Do You Have What it Takes to Be an Intern?

 

This is my last post. Thank you for your loyal readership over the past six months.

My internship at the Chinati Foundation has come to an end, and I’ve left Texas to return to the Midwest. I can tell I’ve reacclimated to the colder weather now that temperatures above 30 degrees feel warm.
If you’ve enjoyed reading my posts about Marfa, consider visiting. If you are beginning a career in art, architecture or museums (or if you’re looking for an excuse to spend a couple months drinking at Padre’s and traipsing through the desert on your days off), consider applying for an internship in Marfa. Both the Chinati Foundation and Ballroom Marfa offer opportunities for aspiring museum professionals.
If you are a working artist interested in spending time in Marfa, check out the artist residency programs at the Chinati Foundation and the International Woman’s Foundation.
Marfa is a small town, so it’s really easy for interns to get involved in projects and activities outside their museum duties. During my tenure at Chinati, interns mounted their own exhibitions, apprenticed with local clothing designers, hosted Marfa Public Radio shows and staged plays.
Here’s the internship lowdown:
 

Photo by Imagemkr1


 
Ballroom Marfa
Type of internship offered: general
Duties: The Ballroom website states that interns have the opportunity to get involved with all aspects of running a non-profit art space. During my time in Marfa, a photographer and a graphic designer worked as interns, and the staff found ways to utilize their special skills.
Payment: Ballroom provides interns with a place to live
Perks: Ballroom brings the best musical acts to town, so interns are guaranteed access to concerts. You may have to work, but still, you’ll get in for free.
 
I asked Zachary Tarrant, who interned at Ballroom this spring, to explain what he liked about the internship:
 
"I got real experience doing real things.  My responsibilities had direct consequences on the success of Ballroom and I really felt like part of the team due to how encouraging, warm, helpful and patient the whole Ballroom staff was with me.  The whole Marfa and Ballroom experience was, for me, about the art and the people.  Both were awesome.  I turned down a nice little bonus to stay at my job before I went out to Ballroom and I’ve never regretted that decision for a second."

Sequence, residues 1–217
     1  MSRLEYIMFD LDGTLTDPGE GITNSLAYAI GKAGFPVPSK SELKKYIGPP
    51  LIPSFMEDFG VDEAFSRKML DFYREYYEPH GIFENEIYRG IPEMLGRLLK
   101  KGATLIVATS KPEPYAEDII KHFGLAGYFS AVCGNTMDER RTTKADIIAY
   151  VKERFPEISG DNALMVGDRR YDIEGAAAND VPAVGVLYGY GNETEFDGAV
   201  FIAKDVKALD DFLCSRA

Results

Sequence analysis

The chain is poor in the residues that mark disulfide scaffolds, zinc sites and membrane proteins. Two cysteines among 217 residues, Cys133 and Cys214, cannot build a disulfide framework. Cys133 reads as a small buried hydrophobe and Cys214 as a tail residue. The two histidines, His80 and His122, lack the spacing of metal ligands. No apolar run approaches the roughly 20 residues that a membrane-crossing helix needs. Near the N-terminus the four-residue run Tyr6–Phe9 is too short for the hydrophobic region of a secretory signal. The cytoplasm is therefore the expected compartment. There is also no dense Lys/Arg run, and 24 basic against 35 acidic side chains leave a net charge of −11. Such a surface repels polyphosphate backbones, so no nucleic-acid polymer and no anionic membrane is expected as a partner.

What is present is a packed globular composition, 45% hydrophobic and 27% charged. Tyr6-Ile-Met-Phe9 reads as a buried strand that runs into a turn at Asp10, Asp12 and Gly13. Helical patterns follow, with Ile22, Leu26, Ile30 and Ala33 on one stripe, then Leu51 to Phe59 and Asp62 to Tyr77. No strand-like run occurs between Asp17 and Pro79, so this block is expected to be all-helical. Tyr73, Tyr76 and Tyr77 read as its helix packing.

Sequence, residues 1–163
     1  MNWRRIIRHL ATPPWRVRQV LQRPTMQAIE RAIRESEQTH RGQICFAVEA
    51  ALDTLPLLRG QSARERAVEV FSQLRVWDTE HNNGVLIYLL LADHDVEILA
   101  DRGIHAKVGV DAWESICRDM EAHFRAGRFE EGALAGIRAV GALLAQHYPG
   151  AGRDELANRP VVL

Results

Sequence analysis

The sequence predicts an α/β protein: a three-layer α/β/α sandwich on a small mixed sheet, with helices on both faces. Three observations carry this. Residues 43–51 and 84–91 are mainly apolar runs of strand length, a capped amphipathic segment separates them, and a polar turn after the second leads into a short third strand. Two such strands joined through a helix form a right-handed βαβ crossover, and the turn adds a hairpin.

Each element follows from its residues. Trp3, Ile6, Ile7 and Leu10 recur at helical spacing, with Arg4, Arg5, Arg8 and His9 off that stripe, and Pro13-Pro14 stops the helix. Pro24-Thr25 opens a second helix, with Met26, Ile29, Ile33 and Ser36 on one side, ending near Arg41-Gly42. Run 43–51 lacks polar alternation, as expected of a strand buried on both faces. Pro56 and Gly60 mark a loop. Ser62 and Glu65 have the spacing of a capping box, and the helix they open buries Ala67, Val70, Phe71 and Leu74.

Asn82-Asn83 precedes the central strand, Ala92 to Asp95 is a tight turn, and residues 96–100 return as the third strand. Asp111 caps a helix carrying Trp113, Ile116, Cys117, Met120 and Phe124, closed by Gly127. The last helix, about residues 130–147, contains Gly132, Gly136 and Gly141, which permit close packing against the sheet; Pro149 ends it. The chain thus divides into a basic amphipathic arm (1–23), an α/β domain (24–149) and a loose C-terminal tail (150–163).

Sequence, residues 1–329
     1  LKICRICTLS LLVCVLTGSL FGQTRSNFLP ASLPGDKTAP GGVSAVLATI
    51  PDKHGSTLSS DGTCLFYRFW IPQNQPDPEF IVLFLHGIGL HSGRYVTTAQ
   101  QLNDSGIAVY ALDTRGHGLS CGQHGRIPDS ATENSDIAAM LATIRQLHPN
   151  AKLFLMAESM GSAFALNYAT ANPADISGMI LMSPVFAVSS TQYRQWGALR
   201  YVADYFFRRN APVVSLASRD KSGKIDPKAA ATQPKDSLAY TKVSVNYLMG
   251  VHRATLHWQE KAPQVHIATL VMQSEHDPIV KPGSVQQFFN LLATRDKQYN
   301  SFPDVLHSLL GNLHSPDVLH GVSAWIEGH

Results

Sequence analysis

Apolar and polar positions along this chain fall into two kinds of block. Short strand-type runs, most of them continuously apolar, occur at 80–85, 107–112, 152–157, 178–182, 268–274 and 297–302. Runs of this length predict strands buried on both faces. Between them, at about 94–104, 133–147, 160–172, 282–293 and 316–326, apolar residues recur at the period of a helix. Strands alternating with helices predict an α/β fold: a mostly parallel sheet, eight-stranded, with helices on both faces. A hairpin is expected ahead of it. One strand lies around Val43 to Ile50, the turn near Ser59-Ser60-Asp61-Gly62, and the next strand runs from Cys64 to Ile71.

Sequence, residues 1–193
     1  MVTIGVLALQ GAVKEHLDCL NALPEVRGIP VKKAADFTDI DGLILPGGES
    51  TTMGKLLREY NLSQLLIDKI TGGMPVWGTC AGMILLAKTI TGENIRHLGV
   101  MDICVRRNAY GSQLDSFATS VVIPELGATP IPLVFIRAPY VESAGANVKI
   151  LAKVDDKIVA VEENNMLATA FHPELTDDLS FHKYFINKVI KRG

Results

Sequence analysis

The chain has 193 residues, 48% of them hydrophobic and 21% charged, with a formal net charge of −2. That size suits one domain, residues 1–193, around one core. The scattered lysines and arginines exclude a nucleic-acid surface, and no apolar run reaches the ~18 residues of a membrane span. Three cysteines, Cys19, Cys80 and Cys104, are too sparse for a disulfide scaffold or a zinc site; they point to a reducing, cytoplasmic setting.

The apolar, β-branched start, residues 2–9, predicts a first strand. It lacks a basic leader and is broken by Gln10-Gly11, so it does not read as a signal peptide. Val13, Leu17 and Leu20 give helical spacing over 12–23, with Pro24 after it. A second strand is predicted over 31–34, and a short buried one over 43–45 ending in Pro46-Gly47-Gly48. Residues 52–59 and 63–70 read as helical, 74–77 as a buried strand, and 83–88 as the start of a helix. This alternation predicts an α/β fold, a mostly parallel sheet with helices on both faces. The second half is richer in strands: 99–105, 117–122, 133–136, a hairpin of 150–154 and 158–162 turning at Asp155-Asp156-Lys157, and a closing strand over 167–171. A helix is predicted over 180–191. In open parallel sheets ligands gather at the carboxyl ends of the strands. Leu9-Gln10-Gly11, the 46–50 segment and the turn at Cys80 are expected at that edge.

For additional internship information, click here.
 

Intern apartment, complete with Judd chair


 
Chinati Foundation
Types of internships offered: general, conservation, development
Duties: Leading tours is the primary duty for general interns, but the museum staff works hard to assign additional projects that fit individual interests and skills. Some of the projects interns worked on during my stay at Chinati include developing educational programming for Marfa schoolchildren, photographing artwork, grantwriting and researching ways to make the museum more environmentally friendly.
Payment: $100 a week plus an apartment on the museum grounds
Perks: Enjoy the view of Judd’s 100 untitled works in milled aluminum from your kitchen window! 
 
What did I like about the Chinati internship? For me, living and working at the museum brought art history to life in a way I hadn’t experienced as a graduate student or as an intern at other museums. I researched Minimalism and Post-minimalism in grad school, but the artworks and artists I studied remained primarily abstractions–objects and people I read, thought and wrote about. Although Judd passed away nearly two decades ago, Chinati remains focused on his ideas about art and design and how they should be experienced. These ideas manifest themselves in real, concrete ways, including sitting on a Judd-designed chair for seven hours (ouch) or watching visitors’ expressions when they walk into an installation for the first time. Plus, the Chinati staff is wonderful to work with and the scenery is breathtaking.
For additional internship information, click here.

 

also by Theresa Bembnister

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